Does Religion Make You Happy? A New Freakonomics Radio Podcast
This week’s episode is called “Does Religion Make You Happy?” (You can subscribe to the podcast at iTunes, get the RSS feed, or listen via the media player above. You can also read the transcript, which includes credits for the music you’ll hear in the episode.)
We undertook this episode in response to a listener question from Joel Rogers, a tax accountant in Birmingham, Ala. Here’s what he wrote:
Being devout Southern Baptists my parents have steadfastly been giving 10% of their income to the church their whole lives. I recently voiced my opinion that I thought that was too [much to] give, and my parents and I got into an argument.
After a little back-and-forth, my parents conceded tithing at 10% may not be the exact amount ‘God’ expects, but my mother said something that stuck with me. She said the 10% they give to the church makes them happier than anything else they spend money on.
I’ve read that people who go to religious institutions consistently are happier than their counterparts. The economist inside me says that money (not given to the church) would make a non-tither happier, all things equal. So, will exchanging 10% of your income for the right to participate in a religious congregation statistically increase or decrease your happiness?
Joel is in effect asking two questions, related but separate. One is whether giving away money – in this case, to a religious institution – makes you happier. The other is whether religion itself makes you happier. Neither question is easy to answer, but we’ll do our best.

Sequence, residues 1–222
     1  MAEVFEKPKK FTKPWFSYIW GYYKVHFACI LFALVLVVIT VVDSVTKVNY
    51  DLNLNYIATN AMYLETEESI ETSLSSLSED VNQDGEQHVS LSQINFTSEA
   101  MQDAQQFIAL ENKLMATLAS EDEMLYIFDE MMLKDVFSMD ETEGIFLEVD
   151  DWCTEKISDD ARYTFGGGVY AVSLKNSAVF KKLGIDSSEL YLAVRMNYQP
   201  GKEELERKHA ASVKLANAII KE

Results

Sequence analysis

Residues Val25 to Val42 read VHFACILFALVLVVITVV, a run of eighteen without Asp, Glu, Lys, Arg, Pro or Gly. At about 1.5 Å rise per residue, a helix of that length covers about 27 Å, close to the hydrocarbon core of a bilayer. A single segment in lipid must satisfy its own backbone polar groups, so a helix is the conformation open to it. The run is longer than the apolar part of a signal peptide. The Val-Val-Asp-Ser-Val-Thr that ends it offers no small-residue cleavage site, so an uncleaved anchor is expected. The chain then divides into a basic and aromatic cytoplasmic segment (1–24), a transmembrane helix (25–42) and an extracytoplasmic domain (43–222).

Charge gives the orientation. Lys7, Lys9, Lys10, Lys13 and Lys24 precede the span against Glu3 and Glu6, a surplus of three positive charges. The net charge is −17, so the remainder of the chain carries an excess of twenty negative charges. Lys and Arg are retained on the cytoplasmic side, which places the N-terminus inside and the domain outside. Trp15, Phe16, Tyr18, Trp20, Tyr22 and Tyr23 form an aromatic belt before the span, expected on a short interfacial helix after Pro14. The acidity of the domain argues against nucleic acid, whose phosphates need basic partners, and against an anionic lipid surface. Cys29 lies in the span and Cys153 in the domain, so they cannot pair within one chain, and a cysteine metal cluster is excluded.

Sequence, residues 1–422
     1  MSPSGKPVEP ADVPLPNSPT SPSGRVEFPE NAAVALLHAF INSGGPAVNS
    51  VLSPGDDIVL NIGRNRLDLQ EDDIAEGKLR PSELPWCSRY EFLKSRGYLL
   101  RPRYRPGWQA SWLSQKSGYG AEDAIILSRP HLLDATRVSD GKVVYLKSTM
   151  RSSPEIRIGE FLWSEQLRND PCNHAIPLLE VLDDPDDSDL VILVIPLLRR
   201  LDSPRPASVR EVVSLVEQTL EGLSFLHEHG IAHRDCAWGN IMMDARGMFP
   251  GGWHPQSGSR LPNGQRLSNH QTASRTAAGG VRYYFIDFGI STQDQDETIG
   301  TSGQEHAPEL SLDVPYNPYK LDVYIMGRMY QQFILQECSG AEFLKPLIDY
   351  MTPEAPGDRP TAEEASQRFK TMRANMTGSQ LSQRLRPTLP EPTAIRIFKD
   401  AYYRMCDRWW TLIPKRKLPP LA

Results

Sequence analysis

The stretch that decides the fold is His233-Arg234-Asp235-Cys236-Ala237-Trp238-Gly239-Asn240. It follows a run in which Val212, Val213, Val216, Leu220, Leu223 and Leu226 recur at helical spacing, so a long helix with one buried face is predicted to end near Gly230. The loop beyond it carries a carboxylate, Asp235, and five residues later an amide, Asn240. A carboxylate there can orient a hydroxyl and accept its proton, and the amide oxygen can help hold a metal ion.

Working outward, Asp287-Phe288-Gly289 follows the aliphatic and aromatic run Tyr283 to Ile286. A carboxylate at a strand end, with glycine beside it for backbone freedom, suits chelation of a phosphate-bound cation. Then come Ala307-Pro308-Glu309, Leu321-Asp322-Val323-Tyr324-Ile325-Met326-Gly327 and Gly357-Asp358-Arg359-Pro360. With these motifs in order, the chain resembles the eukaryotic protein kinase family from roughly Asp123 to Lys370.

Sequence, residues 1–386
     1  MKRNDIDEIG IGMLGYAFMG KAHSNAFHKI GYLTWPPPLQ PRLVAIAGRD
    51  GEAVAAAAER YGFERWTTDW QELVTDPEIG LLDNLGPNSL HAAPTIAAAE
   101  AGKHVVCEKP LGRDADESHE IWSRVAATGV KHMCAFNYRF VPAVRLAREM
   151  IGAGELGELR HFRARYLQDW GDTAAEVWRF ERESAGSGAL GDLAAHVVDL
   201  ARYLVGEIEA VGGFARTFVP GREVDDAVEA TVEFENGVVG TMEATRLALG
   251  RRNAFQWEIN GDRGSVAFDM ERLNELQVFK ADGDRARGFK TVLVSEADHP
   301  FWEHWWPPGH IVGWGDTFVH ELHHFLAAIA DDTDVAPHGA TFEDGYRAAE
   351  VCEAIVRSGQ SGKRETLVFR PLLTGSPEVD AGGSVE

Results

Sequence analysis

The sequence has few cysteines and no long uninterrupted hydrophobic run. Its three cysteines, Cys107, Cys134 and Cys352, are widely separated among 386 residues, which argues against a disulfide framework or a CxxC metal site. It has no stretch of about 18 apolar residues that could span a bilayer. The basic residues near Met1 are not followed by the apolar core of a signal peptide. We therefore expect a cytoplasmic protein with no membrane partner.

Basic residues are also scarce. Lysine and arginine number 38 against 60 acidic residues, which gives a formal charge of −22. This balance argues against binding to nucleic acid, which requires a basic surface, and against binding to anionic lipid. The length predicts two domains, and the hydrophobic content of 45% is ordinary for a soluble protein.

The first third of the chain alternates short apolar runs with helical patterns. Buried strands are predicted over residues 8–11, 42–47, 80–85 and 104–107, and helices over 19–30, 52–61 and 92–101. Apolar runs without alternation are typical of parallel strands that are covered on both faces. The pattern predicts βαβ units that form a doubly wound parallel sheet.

In the episode you’ll hear from Laurence Iannaccone, an economist at Chapman University who specializes in the economics of religion. Iannaccone says there is a strong correlation between religious giving and happiness but, as you’ll find out, just because giving and happiness seem to go hand in hand doesn’t mean the giving causes the happiness.
You’ll also hear from MIT economist Jonathan Gruber, who has done quite a bit of research on these topics. In “Pay or Pray? The Impact of Charitable Subsidies on Religious Attendance” (abstract; PDF), Gruber tried to determine whether giving money to church is a complement to religious attendance or a substitute — and, whether it’s the giving or the going that actually makes people better off. Here’s his suggestion for the Rogers Family:
GRUBER: I would say if it’s really going … to church that matters for them, for their happiness and well-being, then they should maybe even give less and just go more.
GRUBER: [The religious are] more likely to have higher incomes, higher education, have more stable marriages, be less likely to be on welfare, essentially be more successful on any economic measure you want to use.
In the podcast, Stephen Dubner also wonders: what if you’ve been giving to your church but find you’re no better off in the long run? As it turns out, some churches, like NewSpring in South Carolina, offer a money-back guarantee.